The media and “talking heads” completely buried the decision to throw because of one data point: the pass was intercepted and the Seahawks lost the game. But I don’t believe this was a bad decision. In fact, I think this was a very well-informed decision that more people possessing all the data might have made given ample time to analyze the situation.
As you always say, you can’t judge the quality of a decision based on results. If we somehow were able to replay this game in alternative realities to test the results, I think the Seahawks’ decision wouldn’t look so bad. But they certainly lost, perhaps because of bad luck. Now, similar to the USC/Texas situation, the media has written some very significant storylines regarding legacies:
I believe that half of any victory in a tennis match is in place before you step on the court. If you don’t have that self-belief, then fear takes over. And then it will get too much for you to handle. It’s a fine line. (Emphasis added)
Djokovic’s statement reminded me of a conversation I had earlier this month, on a subject I’ve written about rarely if ever: self-confidence. It ranks high among the attributes that must be present if one is to achieve superior results. To be above average, an athlete has to separate from the pack. To win at high-level tennis, a player has to hit “winners” – shots his opponents can’t return. They’re hit so hard, so close to the lines or so low over the net that they have the potential to end up as “unforced errors.” In the absence of skill, they’re unlikely to be executed successfully, meaning it’s unwise to try them. But people who possess the requisite skill are right in attempting them in order to “play the winner’s game” (see “What’s Your Game Plan”).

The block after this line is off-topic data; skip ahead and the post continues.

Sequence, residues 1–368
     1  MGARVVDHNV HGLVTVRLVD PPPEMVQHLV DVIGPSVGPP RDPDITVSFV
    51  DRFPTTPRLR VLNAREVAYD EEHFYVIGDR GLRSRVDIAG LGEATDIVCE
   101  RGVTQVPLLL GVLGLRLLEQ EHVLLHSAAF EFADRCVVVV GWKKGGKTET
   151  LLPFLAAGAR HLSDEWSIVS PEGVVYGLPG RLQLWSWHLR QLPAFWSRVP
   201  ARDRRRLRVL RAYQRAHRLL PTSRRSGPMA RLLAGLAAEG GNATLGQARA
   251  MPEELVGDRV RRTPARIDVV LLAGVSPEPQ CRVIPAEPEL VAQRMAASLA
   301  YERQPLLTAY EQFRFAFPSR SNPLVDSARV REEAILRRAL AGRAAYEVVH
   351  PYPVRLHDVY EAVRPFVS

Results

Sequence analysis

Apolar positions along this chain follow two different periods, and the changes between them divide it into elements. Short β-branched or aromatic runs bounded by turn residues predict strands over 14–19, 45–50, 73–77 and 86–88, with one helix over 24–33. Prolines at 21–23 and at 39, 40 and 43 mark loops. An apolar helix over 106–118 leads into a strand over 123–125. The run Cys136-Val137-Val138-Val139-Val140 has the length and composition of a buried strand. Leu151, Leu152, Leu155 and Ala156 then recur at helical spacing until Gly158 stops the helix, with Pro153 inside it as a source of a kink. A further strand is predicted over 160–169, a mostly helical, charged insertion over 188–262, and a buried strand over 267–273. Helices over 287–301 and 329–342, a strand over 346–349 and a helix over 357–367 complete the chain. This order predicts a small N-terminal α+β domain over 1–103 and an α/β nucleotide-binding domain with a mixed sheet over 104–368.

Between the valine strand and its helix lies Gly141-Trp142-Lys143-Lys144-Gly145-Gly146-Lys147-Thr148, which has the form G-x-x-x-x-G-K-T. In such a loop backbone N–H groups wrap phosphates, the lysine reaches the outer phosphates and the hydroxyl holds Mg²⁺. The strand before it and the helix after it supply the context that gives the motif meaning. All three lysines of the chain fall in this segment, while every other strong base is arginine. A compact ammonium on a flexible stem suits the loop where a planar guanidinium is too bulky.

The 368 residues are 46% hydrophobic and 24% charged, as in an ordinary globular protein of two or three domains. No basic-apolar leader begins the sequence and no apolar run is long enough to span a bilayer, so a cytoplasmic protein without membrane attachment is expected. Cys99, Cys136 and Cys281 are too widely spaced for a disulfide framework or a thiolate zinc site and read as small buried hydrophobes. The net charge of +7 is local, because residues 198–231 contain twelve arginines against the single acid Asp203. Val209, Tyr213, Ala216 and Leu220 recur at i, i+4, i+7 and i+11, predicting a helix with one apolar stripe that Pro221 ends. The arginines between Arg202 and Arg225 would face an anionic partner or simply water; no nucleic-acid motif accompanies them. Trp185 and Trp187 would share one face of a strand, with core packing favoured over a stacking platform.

These may be analogous to investment actions that Yale’s David Swensen would describe as “uncomfortably idiosyncratic.” The truth is, most great investments begin in discomfort – or, perhaps better said, they involve doing things with which most people are uncomfortable. To achieve great performance you have to believe in value that isn’t apparent to everyone else (or else it would already be reflected in the price); buy things that others think are risky and uncertain; and buy them in amounts large enough that if they don’t work out they can lead to embarrassment. What are examples of actions that require self-confidence?